Recently splenectomy has been advocated as a therapeutic procedure in pernicious anemia. Eppinger,1 Moffitt,2 von Decastello3 and others have discussed the theoretical and experimental evidence for the assumption that the etiologic factor of pernicious anemia resides in the spleen. Isolated case reports of splenectomy in pernicious anemia have appeared in the American and English literature.
We desire to present five out of seven cases of typical pernicious anemia which were admitted to the West Medical Service during a period of approximately two months, extending from Nov. 12, 1914, to Jan. 9, 1915. Of the two cases in which operation was not performed, one patient was moribund at admission and died in three days, in spite of transfusion. The second was in very poor condition with a red count of 500,000, and died before a donor could be procured for transfusion. Thus it can be fairly said that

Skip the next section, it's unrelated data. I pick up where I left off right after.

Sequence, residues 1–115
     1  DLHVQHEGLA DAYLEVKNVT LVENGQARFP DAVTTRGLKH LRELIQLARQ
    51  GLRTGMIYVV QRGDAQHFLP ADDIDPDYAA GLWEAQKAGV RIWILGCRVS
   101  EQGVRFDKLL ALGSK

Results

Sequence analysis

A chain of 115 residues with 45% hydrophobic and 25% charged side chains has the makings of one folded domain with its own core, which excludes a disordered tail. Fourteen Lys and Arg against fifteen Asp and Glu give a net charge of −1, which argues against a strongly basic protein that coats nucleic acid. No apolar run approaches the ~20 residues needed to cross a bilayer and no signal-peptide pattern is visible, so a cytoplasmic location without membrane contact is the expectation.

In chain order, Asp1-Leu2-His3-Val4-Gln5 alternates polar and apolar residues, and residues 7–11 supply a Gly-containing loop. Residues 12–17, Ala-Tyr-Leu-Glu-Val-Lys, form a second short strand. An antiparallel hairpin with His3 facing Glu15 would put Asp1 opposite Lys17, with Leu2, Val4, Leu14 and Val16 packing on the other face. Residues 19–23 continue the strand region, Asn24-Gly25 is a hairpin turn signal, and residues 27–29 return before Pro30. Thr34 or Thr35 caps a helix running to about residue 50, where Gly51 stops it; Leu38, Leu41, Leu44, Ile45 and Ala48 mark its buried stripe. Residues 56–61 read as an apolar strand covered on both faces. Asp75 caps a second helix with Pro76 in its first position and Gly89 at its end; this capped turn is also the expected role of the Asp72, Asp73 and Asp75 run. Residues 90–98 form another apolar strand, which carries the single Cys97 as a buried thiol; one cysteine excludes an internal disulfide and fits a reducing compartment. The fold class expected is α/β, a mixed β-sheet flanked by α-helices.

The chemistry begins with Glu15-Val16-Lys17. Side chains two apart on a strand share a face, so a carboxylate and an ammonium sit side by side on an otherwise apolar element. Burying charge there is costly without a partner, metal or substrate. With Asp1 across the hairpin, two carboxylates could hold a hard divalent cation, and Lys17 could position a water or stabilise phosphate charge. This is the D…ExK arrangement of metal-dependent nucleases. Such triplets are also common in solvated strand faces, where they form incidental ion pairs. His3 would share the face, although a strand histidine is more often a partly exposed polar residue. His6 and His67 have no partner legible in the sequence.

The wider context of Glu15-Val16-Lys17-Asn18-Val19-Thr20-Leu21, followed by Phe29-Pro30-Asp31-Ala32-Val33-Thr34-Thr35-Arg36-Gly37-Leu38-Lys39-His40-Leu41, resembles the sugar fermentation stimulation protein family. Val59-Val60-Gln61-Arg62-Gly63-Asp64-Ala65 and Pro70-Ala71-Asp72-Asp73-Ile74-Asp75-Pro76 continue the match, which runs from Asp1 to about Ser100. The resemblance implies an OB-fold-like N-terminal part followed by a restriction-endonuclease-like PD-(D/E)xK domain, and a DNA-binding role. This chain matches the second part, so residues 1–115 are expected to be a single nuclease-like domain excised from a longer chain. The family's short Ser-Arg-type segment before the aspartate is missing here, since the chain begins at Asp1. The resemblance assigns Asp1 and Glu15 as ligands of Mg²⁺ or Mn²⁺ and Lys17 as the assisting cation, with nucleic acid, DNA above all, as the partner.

LEE RI, VINCENT B, ROBERTSON OH. IMMEDIATE RESULTS OF SPLENECTOMY IN PERNICIOUS ANEMIA. JAMA. 1915;LXV(3):216–220. doi:10.1001/jama.1915.02580030008003
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